Mara the elephant is packing for what might be the final trip of her 54-year life spent globe-trotting from India to Germany before joining circuses in Montevideo and Buenos Aires, Argentina, where she has been for the past 25 years.
Now she is readying to say goodbye before a 2,700km trip from Buenos Aires to a new home near the city of Chapada dos Guimaraes, Brazil, a vast specially designed sanctuary for elephants like her.
Mara’s road trip is to take almost a week in an overland convoy, during which time she is to be housed in a huge box and accompanied by caretakers to look after her safety — and that of others.
Guillermo Wiemeyer, a veterinarian who works with Mara, said that the team had been getting her ready for the journey, taking blood tests and cultures to ensure she could travel across borders, and acclimatizing her to the mode of transport.
“What we are hoping is that she will enter the box of her own accord, because she won’t travel under anesthesia or any type of sedative,” he said.
Mara’s new home, the 1,133-hectare Elephant Sanctuary Brazil, would give her more space with pasture land, streams, steep hills and the chance to meet other Asian elephants living in the reserve, Wiemeyer said.
“The environment she lives in will go from being a few thousand square meters to hectares,” he said. “The link with the land, water and other elephants will be incomparable.”
However, saying goodbye is not easy. Mara needs to go through a quarantine period before she travels, likely toward the end of next month, to get the green light from authorities in Argentina and Brazil.
“Logically we have mixed feelings because a bond is built up over so many years of living together,” Wiemeyer said.
“But we are sure that the doors of a new life will be opened where what she will be able to do above all is start making choices for herself, and for us that is fundamental because it’s the first step toward animal welfare,” Wiemeyer said.
PASTA PUNCHLINE: Billy McLean’s spoof poking fun at misinformation on the coronavirus was meant for friends, but is being eaten up by frazzled Britons It started off as an ad-libbed joke for some friends in a soccer banter group and ended up being heard by vast numbers of Britons within hours. However, the man responsible for a joke WhatsApp audio clip that claimed the UK Ministry of Defence was about to requisition Wembley Stadium to cook the world’s biggest lasagna has said his viral success also shows the risks of believing everything that gets sent to you on the messaging service. Billy McLean, a 29-year-old Londoner who works in software sales, came forward to the Guardian to identify himself as the creator of the much-shared clip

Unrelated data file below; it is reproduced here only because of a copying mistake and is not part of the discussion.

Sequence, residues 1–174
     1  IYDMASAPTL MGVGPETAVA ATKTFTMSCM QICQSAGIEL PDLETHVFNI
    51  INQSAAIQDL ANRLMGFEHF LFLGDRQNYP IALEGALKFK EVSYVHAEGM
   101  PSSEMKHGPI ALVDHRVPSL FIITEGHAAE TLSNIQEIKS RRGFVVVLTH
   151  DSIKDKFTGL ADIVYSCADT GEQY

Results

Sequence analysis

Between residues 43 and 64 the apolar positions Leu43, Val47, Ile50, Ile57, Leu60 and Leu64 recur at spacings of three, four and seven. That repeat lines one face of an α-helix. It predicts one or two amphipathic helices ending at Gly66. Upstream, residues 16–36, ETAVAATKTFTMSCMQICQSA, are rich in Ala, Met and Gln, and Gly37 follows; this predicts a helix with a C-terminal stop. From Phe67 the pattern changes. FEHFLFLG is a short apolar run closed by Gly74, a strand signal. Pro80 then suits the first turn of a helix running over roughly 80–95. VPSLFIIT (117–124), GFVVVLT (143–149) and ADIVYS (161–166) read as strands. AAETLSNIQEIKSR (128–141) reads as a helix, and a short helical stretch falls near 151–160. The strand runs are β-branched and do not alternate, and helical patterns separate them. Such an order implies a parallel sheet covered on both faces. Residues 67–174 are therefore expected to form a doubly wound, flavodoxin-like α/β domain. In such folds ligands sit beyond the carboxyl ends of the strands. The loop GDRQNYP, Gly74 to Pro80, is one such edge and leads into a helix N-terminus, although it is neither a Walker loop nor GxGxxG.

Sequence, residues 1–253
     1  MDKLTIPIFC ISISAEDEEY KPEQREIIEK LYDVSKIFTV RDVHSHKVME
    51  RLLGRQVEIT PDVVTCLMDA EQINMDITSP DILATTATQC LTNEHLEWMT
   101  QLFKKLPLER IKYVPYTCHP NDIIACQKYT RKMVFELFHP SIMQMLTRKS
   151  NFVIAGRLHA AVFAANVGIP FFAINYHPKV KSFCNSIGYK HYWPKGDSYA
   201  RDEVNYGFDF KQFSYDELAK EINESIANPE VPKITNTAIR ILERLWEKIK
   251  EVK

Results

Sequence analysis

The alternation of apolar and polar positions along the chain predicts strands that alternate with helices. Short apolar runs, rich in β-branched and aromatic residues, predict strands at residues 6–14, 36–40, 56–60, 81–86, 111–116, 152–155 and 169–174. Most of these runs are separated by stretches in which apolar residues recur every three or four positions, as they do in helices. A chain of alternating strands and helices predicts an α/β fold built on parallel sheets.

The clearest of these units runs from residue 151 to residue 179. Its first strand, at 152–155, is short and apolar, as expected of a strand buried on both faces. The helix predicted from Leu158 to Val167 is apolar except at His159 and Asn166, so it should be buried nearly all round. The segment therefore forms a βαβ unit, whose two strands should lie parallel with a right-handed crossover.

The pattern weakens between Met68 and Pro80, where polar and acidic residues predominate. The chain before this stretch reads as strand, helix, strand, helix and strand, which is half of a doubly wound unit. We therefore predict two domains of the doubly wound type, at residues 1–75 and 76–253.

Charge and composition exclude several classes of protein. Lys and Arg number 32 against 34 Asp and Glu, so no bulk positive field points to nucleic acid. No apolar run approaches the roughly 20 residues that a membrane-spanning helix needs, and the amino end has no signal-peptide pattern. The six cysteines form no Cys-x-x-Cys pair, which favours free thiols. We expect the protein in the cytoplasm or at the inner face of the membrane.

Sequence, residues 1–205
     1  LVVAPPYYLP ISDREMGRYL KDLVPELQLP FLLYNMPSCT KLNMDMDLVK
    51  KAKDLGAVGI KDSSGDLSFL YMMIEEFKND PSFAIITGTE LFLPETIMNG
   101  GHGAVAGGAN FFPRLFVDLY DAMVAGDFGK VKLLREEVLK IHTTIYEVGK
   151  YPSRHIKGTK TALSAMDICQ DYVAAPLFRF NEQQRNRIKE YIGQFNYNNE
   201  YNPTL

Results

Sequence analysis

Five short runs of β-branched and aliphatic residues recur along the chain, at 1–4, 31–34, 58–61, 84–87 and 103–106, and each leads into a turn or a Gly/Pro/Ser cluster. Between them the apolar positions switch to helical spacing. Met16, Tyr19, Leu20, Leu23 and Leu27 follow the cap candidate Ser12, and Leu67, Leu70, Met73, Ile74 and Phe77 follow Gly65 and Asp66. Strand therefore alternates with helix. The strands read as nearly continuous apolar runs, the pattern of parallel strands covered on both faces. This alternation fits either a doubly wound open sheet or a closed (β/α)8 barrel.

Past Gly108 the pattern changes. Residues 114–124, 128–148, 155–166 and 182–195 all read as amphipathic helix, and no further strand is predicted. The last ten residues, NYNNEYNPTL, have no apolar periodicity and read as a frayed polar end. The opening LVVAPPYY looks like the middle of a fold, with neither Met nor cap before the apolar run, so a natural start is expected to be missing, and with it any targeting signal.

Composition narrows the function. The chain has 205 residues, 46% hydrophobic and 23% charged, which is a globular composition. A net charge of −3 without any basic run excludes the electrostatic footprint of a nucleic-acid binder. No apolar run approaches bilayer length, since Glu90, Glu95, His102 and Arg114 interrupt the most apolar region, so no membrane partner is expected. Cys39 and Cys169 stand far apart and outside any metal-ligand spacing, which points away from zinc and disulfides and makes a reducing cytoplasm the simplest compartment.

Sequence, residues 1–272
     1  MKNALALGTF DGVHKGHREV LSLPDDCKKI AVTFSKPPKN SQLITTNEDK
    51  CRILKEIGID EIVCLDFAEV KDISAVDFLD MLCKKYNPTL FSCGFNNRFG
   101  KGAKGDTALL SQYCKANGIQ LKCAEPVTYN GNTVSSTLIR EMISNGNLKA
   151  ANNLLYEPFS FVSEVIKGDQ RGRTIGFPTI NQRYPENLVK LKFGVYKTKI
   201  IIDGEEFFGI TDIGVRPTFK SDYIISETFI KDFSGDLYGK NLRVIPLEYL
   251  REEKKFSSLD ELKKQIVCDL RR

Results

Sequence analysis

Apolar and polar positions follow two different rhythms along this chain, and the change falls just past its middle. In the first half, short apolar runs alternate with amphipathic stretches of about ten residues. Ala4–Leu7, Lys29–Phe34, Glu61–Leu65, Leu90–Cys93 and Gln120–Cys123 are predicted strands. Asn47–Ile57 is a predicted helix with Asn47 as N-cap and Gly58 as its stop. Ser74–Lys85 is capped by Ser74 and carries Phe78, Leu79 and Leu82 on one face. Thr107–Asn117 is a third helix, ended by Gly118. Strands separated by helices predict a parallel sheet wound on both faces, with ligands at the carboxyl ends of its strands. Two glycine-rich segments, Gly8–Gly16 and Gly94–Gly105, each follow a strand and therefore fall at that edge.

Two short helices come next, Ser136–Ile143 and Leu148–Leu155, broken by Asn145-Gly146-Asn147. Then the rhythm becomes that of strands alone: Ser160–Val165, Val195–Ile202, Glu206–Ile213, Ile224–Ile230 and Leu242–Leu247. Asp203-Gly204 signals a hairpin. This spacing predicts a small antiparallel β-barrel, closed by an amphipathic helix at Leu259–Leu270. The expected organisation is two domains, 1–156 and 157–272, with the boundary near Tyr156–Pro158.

‘AN HONORABLE TASK’: The brigade to Italy is the sixth contingent of doctors the nation has sent abroad to aid governments contending with the COVID-19 pandemic Cuba has dispatched doctors and nurses to Italy for the first time this weekend to help fight COVID-19 at the request of the worst-affected region Lombardy, it said. The Caribbean nation has sent its “armies of white robes” to disaster sites around the world largely in poor countries since its 1959 revolution, with doctors on the front lines in the fight against cholera in Haiti and against ebola in West Africa in the 2010s. Yet with the 52-strong brigade, this is the first time Cuba has sent an emergency contingent to Italy, one of the world’s richest countries, demonstrating the reach of
There are growing concerns for the health of Rokia Traore, a Malian singer who has been on hunger strike at the Fleury-Merogis Prison near Paris since she was arrested on March 10 on allegations of kidnapping her daughter in a child custody dispute. “I am very worried,” said Kenneth Feliho, her lawyer. “She is only drinking. She has not been eating for over a week and her immune system is weak.” Among those calling for the musician’ release are African stars including Salif Keita, Youssou N’Dour and Angelique Kidjo. Damon Albarn, who performed with her in the group Africa Express, wrote: “We demand,
FATAL IDEA: The nation’s drugs regulator is curbing use of hydroxychloroquine, which Donald Trump has promoted for its alleged potential to treat COVID-19 Australia’s drug regulator has been forced to restrict powers to prescribe a drug undergoing clinical trials to treat COVID-19, because doctors have been inappropriately prescribing it to themselves and their family members, despite potentially deadly side effects. The anti-malarial drug hydroxychloroquine and the similar compound chloroquine are currently used mostly for patients with autoimmune diseases such as rheumatoid arthritis, but stocks in Australia have been diminished thanks to global publicity — including from US President Donald Trump — about the potential of the drug to treat COVID-19. Hydroxychloroquine and chloroquine have potentially severe and even deadly side effects if used inappropriately, including